by: Ashley Brayley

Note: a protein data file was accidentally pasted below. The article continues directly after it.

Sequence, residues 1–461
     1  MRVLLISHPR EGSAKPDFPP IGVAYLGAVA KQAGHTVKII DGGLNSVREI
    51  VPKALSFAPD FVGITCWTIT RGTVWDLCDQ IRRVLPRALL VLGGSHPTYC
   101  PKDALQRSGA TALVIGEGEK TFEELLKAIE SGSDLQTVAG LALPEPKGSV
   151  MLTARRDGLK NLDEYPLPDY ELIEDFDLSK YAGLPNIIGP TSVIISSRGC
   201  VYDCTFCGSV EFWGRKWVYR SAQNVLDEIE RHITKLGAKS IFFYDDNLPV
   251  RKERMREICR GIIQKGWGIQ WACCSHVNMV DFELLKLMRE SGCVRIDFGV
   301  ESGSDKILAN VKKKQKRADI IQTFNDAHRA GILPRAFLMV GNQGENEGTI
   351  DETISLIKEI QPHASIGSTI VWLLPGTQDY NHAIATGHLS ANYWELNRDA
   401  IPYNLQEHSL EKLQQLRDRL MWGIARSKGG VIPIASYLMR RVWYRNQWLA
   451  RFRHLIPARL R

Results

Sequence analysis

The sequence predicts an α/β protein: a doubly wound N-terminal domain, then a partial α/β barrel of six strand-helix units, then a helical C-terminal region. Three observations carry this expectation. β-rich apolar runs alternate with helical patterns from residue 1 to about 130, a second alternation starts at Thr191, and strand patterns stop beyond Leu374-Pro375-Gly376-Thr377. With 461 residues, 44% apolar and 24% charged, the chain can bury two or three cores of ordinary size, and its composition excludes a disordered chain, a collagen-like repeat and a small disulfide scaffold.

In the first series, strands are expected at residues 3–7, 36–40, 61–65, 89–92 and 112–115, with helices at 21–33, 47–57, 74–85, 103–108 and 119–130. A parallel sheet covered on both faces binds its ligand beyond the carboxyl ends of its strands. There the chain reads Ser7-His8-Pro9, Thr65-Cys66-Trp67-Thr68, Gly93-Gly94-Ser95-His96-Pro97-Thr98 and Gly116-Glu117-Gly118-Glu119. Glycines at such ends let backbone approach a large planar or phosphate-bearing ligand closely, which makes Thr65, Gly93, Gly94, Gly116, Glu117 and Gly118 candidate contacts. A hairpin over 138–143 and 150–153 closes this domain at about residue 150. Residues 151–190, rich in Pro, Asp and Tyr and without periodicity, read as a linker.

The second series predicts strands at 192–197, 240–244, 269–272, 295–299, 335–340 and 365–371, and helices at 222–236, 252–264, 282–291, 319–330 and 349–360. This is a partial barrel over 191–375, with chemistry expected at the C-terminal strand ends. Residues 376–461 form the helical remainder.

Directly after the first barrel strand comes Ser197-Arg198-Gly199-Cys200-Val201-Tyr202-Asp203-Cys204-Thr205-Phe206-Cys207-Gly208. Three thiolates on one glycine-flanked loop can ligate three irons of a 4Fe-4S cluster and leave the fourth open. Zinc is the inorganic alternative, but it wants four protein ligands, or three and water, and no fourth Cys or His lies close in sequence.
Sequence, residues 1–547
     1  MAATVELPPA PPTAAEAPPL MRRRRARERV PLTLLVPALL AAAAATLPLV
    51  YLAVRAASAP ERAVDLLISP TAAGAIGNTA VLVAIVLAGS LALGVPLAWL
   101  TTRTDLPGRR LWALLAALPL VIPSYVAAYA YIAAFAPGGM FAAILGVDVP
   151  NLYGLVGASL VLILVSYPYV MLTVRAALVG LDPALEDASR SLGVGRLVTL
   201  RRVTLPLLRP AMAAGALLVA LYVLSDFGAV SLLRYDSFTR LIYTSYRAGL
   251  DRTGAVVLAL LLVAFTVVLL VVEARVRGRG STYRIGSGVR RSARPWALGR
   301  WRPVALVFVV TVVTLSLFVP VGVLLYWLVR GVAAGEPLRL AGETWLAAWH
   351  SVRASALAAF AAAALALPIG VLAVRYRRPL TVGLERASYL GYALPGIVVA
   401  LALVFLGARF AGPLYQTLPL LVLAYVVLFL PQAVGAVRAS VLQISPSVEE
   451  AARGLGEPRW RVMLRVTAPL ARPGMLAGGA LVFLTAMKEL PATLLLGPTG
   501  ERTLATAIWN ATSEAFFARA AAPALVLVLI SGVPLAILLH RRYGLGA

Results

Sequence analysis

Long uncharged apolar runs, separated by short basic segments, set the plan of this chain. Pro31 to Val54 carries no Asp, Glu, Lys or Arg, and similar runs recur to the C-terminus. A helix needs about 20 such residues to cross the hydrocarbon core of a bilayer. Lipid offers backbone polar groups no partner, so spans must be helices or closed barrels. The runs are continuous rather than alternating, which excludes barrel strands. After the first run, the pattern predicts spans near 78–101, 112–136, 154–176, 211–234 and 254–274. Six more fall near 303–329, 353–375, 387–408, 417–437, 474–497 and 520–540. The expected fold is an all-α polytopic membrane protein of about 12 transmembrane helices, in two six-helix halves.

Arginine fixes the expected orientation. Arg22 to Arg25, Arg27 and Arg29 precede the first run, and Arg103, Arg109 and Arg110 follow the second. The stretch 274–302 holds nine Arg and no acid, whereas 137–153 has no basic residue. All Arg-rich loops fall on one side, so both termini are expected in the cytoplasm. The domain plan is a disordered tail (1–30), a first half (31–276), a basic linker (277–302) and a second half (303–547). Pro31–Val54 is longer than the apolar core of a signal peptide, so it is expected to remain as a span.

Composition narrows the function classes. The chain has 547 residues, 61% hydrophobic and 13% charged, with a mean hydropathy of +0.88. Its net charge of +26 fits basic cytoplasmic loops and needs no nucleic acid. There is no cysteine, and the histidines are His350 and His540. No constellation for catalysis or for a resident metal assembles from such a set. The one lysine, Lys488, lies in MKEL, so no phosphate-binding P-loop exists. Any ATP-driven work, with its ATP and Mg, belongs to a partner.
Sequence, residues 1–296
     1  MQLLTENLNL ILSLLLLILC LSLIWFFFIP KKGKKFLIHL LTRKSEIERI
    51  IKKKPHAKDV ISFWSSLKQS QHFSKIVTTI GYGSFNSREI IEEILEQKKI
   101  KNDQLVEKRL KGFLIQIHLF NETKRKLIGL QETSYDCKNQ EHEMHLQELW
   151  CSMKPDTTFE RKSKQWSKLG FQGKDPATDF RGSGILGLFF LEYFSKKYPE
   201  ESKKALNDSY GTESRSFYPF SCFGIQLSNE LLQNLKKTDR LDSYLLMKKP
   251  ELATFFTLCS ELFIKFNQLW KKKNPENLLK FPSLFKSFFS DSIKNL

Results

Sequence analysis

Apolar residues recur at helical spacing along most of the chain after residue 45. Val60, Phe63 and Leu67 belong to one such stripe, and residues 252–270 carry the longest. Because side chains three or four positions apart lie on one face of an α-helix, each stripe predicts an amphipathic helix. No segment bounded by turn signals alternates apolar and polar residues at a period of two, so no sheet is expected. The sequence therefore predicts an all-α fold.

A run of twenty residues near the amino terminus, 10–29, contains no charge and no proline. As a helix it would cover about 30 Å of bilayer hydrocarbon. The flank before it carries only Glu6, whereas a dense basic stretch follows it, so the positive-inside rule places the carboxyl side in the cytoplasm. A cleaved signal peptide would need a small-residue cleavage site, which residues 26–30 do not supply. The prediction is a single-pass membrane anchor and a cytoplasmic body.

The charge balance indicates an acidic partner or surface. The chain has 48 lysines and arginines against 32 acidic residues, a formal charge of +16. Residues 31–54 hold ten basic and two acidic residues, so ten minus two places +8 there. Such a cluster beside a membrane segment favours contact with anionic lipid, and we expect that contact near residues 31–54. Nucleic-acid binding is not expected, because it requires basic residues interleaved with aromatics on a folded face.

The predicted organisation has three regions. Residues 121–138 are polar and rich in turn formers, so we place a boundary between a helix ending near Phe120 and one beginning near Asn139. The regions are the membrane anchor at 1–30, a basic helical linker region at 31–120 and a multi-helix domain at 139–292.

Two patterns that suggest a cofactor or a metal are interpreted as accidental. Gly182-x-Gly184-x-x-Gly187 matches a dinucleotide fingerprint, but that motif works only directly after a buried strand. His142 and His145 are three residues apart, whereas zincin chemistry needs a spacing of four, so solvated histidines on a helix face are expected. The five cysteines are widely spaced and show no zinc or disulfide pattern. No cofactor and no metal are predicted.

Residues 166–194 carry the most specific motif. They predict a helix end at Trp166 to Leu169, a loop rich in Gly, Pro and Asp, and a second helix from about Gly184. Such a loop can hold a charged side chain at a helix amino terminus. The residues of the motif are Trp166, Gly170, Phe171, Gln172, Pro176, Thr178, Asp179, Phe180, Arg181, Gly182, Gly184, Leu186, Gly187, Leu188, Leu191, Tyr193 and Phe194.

Reason.com published an article on “How Graffitti Empowers Big Government” at the end of January. It was obviously written by someone who is in the mindset of supporting corporate rights of advertising instead of the idea of empowering individuals who deserve a voice. I am disgusted by the idea of “good graffiti” vs. “bad graffiti”. Who has the authority to decide that any work of art is good or bad?! And “…artless scrawls of talent-less 12 year olds…” ?! Whoa…that’s a lofty and judgmental statement. There are many places where graffiti is not as regulated, such as Chicago, and you don’t see tags on doorways of Starbucks-type companies. I was recently in Israel and graffiti there seemed to be very well-received in public spaces. I cannot find a link to any website that reveals Israel’s graffiti laws by city, although some of the spaces used were designated for street artists and some were not, I did not once see an acid tag or spray on businesses which were open and well-maintained by store owners. Sure, the rolling doors on kiosks in the shuk (the open-air market) are painted (at night when the shops are closed the market becomes a beautiful makeshift gallery), but there seemed to be a sense of respect and understanding between the public, the vendors, and the artists. Why is this the case? It is a FACT that when felt-tip markers and other tools become labeled as objects of graffiti paraphernalia that folks (of all ages) often move on to acid tagging on windows or even reverse graffiti (the use of cleaning materials to create graffiti on dirty walls) in order to continue their passion using materials that do not carry suspicion leading to fines or arrest. In America the policy around graffiti seems to be about censorship of anyone without deep pockets. But when there is a greater commitment by local government to abolish the artform instead of embracing it they are only generating more fuel for the secretly outspoken and stoking a fire that will never be snuffed.